A recent British film, Blue Story, was released in cinemas on November 22nd. The film follows disenchenfranchised teenagers in London who become involved in gang life, springing from the personal experiences of the director, Andrew Onwubulu, otherwise known as Rapman.
On Saturday 23rd November, a fight broke out in a Birmingham chain of Vue cinemas where Blue Story was being shown (along with other films such as Frozen 2). Following the incident, Vue made a decision to pull ‘Blue Story’ from screening in 91 cinemas nationwide.
What was the reaction?
Their decision caused widespread public outrage. Vue’s decision to cancel the screenings was argued by many to be racially motivated. It was seen to be a perpetuation of wider clampdown on black culture in England, in the same vein as the notorious 696 form (a police risk assessment that checked ethnicity and eventually led to many minority ethnic artists being unable to perform publicly).
On the other hand, Vue Cinema representatives claimed that the incident was not isolated and that they had seen 25 “significint incidents” within 24 hours of the film being screened.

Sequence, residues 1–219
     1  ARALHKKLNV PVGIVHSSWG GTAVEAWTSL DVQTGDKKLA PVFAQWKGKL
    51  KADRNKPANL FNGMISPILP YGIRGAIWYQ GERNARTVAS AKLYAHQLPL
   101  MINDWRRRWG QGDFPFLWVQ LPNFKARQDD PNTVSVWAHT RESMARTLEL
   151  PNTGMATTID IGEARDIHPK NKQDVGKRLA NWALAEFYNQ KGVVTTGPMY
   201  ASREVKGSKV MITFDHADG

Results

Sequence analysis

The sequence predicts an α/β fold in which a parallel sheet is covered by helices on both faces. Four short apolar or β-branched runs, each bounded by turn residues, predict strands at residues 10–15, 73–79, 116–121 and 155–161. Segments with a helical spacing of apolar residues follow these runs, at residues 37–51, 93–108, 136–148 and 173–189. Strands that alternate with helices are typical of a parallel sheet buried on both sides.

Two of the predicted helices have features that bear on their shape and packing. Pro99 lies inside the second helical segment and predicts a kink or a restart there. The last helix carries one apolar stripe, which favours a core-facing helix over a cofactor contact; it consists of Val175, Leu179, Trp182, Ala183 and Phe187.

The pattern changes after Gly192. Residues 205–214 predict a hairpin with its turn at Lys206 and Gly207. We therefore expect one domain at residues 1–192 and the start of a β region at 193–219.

Public evidence of these occurrences has been scarce, leading many to question the cinema chain’s definition of “significant.”
Well, what has been the actual significance?
It should be noted that it is pretty unusual for films to be pulled, particularly nationwide, once they have gone up on the big screen. Many Vue critics pointed out that even after a 2012 shooting during a film screening of a Batman film in America, where 12 people were killed, the movie was not removed from cinema’s around the country.
Also, with the cinema industry staring into the abyss due to the rise of Netflix and streaming services, cancelling all viewings of the film was not a financially insignificant decision.
The reasons for Blue Story to be made a scapegoat by Vue to reduce disorder in cinemas, is likely to do with its depiction of gang violence. Rapman, however, claims that the film actually aims to portray the meaningless of gang violence, rather than glorify it as it was perceived.
Despite the challenges, Blue Story became a box-office smash, grossing £1.3m on the film’s opening weekend. The continuous backlash also eventually saw Vue reinstate Blue Story screenings after a week.
In its attempts to dissuade cinema goers, Vue’s actions inadvertently became Blue Story’s most encouraging advertisement.
- How might incidents like this affect other aspiring black creatives and entrepreneurs?
- Why do you think there is a narrative within mainstream perceptions that gang-related entertainment, such as drill music, correlates with real-life violence? Is is justified? Does the medium of entertainment matter?
- What do you think should have been the correct action for Vue to take, if their reports of repeated incidents of disorder were accurate?